my smell on your sweaters,
bobby pins all over the window sills.
I make the best sandwiches you’ve ever tasted.
You’ll be in charge of napkins.
I can’t do a pull-up.
But I’m great at excuses.
Poets as such are few and far between, and if this is what Sarah Kay has to offer in her 20’s I cannot begin to imagine what her life long career and future works will be like. Well, it is an outstanding collection of poems which I do not want to give away too much of, but this collection will only make you wish there was a volume 2. Let’s hope we do not have to wait another 10 years for such brilliance.
Sarah also speaks to us a little bit more about the conception of No Matter the Wreckage.
Sarah Kay: Interview
What made you so willing to reveal so much more about your family history in this collection?
I say this pretty often, but it continues to be true: I use poetry to figure things out. Anything I am wrestling with is what usually ends up appearing in my poetry. Since No Matter the Wreckage includes poetry from a span of ten years of my life, it was inevitable that at some point my family would be included, since there were plenty of times in that decade when I was navigating family dynamics and history. However, plenty of times, a poem is not necessarily about my family, but my family is serving as the setting for the actual subject of the poem. Forest Fires is a good example. It is technically about my ailing grandmother and my father’s grief. But I wrote the poem after a pattern had developed in my life that resulted in me having “near-misses” with great tragedies. That is what I was really puzzling over in this poem: how do I heal from something I did not actually witness?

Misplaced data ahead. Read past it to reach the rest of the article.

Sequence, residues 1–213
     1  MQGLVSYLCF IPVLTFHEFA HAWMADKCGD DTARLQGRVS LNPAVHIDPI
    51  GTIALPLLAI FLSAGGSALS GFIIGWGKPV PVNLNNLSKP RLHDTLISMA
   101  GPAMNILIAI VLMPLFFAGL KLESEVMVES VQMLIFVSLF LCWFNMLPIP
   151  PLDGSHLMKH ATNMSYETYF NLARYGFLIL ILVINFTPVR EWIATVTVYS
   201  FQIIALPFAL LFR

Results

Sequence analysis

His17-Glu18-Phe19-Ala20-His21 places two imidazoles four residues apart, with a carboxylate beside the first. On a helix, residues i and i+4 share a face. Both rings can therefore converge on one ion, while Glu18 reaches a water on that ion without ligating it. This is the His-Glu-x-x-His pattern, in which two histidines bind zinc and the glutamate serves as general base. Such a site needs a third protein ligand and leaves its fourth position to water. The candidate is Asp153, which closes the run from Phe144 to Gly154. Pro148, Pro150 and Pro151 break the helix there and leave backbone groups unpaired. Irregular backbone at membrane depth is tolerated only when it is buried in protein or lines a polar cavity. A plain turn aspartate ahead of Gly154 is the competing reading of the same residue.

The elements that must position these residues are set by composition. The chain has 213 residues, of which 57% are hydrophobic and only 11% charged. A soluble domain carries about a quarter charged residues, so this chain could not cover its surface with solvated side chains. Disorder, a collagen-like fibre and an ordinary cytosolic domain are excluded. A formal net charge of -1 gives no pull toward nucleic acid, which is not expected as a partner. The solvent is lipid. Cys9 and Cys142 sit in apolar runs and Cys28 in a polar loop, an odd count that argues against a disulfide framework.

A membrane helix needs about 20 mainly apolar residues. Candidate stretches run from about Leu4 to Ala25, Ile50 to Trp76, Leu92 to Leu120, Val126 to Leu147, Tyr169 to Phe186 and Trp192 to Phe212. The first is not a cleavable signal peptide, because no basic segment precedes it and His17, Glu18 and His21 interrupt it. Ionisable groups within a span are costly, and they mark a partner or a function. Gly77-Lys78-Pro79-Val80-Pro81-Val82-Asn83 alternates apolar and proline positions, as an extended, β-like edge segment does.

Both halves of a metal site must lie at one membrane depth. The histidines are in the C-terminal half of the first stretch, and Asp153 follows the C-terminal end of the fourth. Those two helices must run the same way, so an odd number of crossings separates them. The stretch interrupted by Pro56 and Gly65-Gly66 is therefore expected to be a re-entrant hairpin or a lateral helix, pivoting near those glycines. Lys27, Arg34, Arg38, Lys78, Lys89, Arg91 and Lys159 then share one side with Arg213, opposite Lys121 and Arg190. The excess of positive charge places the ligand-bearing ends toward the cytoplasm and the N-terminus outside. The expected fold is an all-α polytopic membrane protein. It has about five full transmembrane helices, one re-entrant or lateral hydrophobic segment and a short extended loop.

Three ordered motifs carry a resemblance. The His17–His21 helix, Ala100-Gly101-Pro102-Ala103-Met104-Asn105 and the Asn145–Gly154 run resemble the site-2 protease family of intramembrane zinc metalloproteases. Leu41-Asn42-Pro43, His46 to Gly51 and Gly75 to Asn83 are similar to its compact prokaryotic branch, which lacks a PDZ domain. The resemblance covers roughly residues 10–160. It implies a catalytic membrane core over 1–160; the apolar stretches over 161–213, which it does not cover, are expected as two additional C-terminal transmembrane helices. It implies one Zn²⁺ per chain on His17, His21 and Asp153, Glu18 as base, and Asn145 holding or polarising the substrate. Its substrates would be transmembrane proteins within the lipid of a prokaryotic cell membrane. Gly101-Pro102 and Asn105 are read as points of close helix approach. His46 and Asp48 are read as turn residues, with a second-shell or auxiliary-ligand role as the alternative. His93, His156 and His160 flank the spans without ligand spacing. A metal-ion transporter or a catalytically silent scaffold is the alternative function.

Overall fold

Sarah speaks briefly about this in the introduction for Forest Fires.
Which of your poems did you just have to include into this collection?
Actually, it was more a question of which poems could I leave out. It was tricky balancing the spoken word favourites and the poems that were written for the page. Creating a cohesive whole that had some sort of underlying structure was important to me, and the order of poems needed to support the flow of stories, ideas, and character development. Poems that did get left out may stay in the drawer, or they may get included in another book. We will see.
Which is the poem that you feel the need to share with others the most?
Hmmm. At any given time and place, it is never the same poem. I believe different people need different poems. That is why I love performing poems for live audiences. I like the challenge of trying to figure out what that room full of people needs or wants on that particular night. I also love that this book will let people read straight through, or pick it up and put it down in order to find the one poem that speaks to them today. I guess right now the poem I am thinking about the most is the poem Ghost Ship, a line from which inspired the title for this collection. I am proud of the conversation it is engaging with and grateful that I can share it with folks through this book.